Re:I remember our planning in DND (1)

Mikkeles (698461) | more than 5 years ago | (#26136161)

'... would destroy all urban centers beyond useful measure.'

So, it's not all bad, then.

Re:I remember our planning in DND (1)

WillAffleckUW (858324) | more than 5 years ago | (#26136261)

um, yeah, but the resulting nuclear winter would kill most plant and animal life.

It's Nova Scotia (5, Informative)

barberousse (1432239) | more than 5 years ago | (#26134953)

Not Novia Scotia.

Re:It's Nova Scotia (1)

whtmarker (1060730) | more than 5 years ago | (#26135133)

mod parent up 1

Re:It's Nova Scotia (1)

asn (4418) | more than 5 years ago | (#26135505)

please correct summary.

Re:It's Nova Scotia (2, Informative)

WillAffleckUW (858324) | more than 5 years ago | (#26136501)

I thought it was Nouvelle Ecosse ...

Then why Canada? (3, Interesting)

suso (153703) | more than 5 years ago | (#26134963)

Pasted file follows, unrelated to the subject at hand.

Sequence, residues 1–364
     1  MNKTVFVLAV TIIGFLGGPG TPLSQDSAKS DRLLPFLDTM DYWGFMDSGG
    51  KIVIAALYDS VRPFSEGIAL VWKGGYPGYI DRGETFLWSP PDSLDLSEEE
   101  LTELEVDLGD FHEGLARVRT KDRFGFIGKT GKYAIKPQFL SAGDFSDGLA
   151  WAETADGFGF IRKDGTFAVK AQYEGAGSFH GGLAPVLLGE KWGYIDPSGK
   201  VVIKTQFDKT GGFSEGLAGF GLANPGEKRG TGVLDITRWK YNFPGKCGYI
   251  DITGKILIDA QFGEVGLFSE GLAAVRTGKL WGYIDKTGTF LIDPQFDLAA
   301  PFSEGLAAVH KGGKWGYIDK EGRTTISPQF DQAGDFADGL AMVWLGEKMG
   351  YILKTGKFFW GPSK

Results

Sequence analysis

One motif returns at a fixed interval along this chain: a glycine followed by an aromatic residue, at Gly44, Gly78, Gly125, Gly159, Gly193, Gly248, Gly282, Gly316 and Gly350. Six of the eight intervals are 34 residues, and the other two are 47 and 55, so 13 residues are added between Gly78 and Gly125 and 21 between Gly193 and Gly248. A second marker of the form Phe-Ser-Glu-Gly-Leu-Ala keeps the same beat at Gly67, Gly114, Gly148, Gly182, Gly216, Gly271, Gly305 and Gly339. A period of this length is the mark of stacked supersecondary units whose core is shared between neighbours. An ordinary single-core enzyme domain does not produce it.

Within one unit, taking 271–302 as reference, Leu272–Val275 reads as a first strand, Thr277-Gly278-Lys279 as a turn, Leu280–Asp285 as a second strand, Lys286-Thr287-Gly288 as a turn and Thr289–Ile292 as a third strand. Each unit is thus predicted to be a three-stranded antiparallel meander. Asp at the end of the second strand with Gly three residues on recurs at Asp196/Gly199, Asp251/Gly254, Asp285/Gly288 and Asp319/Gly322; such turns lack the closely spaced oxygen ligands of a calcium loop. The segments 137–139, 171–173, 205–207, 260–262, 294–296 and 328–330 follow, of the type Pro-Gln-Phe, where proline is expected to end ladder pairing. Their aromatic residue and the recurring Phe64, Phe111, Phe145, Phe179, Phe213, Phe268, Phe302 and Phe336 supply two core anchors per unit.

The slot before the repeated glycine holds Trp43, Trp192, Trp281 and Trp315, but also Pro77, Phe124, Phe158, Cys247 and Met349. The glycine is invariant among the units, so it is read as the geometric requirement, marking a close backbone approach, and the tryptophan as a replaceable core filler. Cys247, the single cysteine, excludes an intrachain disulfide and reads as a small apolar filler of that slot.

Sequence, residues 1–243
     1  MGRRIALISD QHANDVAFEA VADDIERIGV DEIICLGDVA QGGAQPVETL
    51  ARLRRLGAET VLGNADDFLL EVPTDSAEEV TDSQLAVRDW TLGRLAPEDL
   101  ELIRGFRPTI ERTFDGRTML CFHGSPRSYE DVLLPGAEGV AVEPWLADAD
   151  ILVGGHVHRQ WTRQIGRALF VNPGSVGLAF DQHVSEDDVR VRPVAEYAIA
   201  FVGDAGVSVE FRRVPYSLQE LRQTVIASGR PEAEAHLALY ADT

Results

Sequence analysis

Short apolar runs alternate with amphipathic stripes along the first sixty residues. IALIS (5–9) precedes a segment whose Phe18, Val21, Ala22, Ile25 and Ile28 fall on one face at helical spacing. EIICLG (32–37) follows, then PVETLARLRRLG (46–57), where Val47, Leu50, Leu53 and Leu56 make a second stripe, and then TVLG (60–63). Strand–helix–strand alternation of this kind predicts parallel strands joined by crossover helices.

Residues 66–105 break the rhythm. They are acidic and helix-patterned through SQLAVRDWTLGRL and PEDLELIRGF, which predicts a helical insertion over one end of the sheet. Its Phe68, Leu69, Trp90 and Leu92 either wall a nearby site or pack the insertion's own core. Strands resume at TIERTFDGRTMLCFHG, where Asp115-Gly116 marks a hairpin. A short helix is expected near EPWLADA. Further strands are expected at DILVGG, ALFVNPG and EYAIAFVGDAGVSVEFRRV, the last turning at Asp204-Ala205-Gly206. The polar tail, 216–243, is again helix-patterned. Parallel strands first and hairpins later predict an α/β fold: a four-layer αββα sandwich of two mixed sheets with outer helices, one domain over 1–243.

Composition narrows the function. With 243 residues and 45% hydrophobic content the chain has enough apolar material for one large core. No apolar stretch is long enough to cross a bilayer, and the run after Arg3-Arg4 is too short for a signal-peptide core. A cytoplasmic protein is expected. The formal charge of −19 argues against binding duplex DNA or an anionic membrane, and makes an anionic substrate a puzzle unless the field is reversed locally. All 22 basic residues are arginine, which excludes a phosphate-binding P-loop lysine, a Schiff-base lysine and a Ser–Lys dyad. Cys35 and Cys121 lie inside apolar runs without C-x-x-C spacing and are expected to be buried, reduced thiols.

If they are worried about the USA Patriot Act, then why Cananda?

I recently returned from Mexico to the US and there was some policy they stated saying if you are a US or Canadian citizen, you don't have to fill out an I-94. Ok, I didn't know they were the same country?

Re:Then why Canada? (2, Interesting)

ducomputergeek (595742) | more than 5 years ago | (#26135057)

My thoughts exactly. Doesn't that just mean the NSA then intercepts data via the traditional satellites, listening posts, and cable taps? After all, one of their original mandates is collecting foreign intelligence. They don't need the Patriot Act for that...it's their jobs.

Re:Then why Canada? (1)

WillAffleckUW (858324) | more than 5 years ago | (#26136545)

Most people still don't realize the vast majority of communications satellites are actually made in Canada.

Re:Then why Canada? (2, Funny)

JCSoRocks (1142053) | more than 5 years ago | (#26135417)

The real question is what is Canada doing with nuclear bunkers? Like anyone's going to bother bombing them. :P

Re:Then why Canada? (3, Informative)